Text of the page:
Having a baby is an exciting and joyous event in any woman’s life, but people don’t always tell you everything that having a baby entails.
What No One Tells You about Having a Baby
Here are 10 surprising facts about having a baby.
1. You’ll still look pregnant for several months after you give birth. Even if you were a marathon-running, obsessive exercising machine before you got pregnant, it’s going to take some time before your uterus shrinks back to normal. You will still look six or seven months pregnant right after you have a baby. Try not to snap at strangers who ask you, “So when are you due?”
For a majority of women, it takes them at least a year before they return to their pre-pregnancy size. Some women never go back to their original weight. (Don’t be misled by the supermodels who look amazingly fit within two months of giving birth. They probably starved and exercised like crazy to regain their shape; all while nannies and other people took care of their kids.)
2. You might not be madly in love with your newborn at first. Not all new mothers have an immediate bond with their newborn babies. For some women, it takes weeks (and sometimes months) before they feel that gut-wrenching “If you hurt my baby, I will hunt you down” mama love.
Some women do sense an immediate protectiveness of their new baby, but it’s not the sensation of love and warmth that they want to feel. Postpartum anxiety and depression can play a role in whether or not you have that immediate connection. However, keep in mind, your hormones are all over the place after you give birth. But once you spend more time with your newborn, and once you get to know him or her, you’ll soon fall in love and give him or her lots of hugs and kisses.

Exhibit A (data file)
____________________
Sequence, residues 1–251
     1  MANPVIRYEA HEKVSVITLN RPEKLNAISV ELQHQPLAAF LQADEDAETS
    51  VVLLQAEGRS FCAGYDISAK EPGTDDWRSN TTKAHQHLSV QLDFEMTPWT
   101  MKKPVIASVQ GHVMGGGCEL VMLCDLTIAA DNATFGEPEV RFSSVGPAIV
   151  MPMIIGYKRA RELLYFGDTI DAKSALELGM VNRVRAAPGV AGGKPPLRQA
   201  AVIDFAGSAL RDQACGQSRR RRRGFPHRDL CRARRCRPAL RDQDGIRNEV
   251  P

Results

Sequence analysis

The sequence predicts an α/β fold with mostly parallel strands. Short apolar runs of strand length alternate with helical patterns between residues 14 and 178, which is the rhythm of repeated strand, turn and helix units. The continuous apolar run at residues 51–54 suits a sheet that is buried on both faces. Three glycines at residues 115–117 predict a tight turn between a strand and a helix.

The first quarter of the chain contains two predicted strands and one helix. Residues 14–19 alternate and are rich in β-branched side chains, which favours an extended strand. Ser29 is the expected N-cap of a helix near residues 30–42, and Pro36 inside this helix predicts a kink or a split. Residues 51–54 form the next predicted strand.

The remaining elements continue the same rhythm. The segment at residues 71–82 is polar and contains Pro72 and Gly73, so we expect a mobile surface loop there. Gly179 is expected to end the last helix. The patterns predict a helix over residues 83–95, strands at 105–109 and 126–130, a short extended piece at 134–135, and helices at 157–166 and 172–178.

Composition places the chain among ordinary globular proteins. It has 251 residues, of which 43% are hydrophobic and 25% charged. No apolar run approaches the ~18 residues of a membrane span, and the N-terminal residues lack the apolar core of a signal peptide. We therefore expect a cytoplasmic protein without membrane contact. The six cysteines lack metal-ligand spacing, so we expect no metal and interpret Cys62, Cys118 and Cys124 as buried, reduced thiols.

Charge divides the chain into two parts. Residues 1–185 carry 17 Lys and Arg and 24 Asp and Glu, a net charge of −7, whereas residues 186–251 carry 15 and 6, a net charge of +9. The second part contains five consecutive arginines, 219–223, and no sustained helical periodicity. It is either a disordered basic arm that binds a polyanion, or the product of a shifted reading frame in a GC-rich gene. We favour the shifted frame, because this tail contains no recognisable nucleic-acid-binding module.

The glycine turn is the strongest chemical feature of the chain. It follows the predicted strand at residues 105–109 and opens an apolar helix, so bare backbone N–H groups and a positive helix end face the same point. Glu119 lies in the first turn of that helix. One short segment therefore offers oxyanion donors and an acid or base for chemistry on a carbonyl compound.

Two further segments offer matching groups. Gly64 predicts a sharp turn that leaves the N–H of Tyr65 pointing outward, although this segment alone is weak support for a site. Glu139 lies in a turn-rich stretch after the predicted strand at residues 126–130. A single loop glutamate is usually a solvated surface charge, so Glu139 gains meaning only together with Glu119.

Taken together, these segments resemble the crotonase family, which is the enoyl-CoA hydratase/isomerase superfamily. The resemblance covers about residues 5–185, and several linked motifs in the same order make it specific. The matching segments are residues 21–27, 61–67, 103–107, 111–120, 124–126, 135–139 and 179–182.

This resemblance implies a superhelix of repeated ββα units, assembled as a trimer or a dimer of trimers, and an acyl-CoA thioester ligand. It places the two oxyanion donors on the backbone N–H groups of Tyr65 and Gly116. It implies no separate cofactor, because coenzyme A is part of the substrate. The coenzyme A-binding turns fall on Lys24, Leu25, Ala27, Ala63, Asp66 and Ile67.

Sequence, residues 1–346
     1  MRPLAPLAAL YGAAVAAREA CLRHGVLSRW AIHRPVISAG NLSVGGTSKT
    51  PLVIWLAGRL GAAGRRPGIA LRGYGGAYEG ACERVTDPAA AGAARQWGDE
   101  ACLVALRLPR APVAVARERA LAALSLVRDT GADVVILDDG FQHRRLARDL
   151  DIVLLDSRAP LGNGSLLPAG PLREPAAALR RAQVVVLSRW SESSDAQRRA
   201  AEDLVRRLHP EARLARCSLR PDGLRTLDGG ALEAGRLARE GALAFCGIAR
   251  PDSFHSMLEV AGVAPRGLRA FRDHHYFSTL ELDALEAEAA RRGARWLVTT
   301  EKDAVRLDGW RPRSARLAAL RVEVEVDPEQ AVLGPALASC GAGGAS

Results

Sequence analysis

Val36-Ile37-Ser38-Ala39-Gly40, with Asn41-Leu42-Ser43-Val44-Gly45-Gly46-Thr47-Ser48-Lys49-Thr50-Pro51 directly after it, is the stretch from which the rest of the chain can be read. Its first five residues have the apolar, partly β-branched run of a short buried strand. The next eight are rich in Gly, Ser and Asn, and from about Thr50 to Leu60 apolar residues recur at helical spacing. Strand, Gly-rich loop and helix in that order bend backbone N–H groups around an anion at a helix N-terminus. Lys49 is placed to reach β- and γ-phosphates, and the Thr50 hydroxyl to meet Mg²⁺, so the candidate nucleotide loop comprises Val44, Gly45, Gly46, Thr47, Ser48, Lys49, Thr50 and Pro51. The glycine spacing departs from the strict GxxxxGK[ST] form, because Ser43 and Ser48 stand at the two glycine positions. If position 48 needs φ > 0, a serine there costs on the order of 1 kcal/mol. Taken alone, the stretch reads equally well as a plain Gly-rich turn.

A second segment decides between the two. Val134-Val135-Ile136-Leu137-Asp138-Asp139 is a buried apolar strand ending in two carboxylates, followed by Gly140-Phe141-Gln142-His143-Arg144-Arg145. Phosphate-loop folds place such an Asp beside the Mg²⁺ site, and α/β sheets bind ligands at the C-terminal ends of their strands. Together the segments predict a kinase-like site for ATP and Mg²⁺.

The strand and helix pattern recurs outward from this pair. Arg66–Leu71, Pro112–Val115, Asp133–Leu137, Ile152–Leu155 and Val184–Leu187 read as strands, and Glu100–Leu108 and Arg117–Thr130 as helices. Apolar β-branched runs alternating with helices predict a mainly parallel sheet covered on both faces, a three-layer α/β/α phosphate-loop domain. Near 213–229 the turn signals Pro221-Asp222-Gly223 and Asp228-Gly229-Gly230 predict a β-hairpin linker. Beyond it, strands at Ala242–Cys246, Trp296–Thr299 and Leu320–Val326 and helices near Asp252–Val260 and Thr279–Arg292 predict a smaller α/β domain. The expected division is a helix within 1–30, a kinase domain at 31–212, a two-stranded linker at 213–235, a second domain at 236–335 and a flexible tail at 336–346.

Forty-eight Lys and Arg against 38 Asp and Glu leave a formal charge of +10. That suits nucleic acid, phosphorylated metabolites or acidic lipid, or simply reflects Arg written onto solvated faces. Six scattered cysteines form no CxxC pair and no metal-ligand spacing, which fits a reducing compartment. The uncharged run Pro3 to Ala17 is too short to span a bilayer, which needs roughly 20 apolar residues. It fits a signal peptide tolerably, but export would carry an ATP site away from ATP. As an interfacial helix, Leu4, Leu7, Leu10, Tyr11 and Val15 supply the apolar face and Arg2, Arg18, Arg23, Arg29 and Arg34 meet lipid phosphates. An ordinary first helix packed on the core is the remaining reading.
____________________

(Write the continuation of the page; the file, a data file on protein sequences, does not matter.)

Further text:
3. Breastfeeding is natural, but it can be hard to grasp. Breastfeeding your baby is the natural method of feeding him or her, but it’s an acquired – not natural – skill. Nursing can be difficult to master for some women. Latching and positioning aren’t always easy. Fortunately, there are many lactation consultants available at hospitals and birthing centers that can help!
4. Everyone will have an opinion. Having a baby will cause every person you know to give you tidbits and parenting advice. From your sister to your mother to the stranger on the street, everyone has an opinion on anything baby related. If you choose cloth diapers vs disposable diapers, chances are someone will have an opinion. If you choose to baby wearing, you’ll hear an earful about the dangers of baby slings. If you choose to bottle feed, you’ll hear “the breast is best” comments. If you don’t agree with their opinion, simply nod your head and smile. Everyone has a different parenting style.
5. You won’t “sleep when baby sleeps.” Everyone has heard the bit of advice, “Sleep when baby sleeps,” and it’s a nice thought. But it rarely happens in reality. For most parents, the moment they put their baby down for a nap, they try to quickly finish the chores or tasks they couldn’t do before. And once they get a few items crossed off your “to do” list, it’s nearly time for baby to wake up.
6. “Baby brain” will replace the “pregnancy brain.” Having a baby usually makes you more forgetful. You are going to be so busy that you will lose all kinds of things – from your cell phone to your car key to your wallet. You’ll probably find them eventually, but it will be frustrating to have to search all over the house for these everyday items. You might also find that you tend to forget important events (like birthdays) after you have a baby.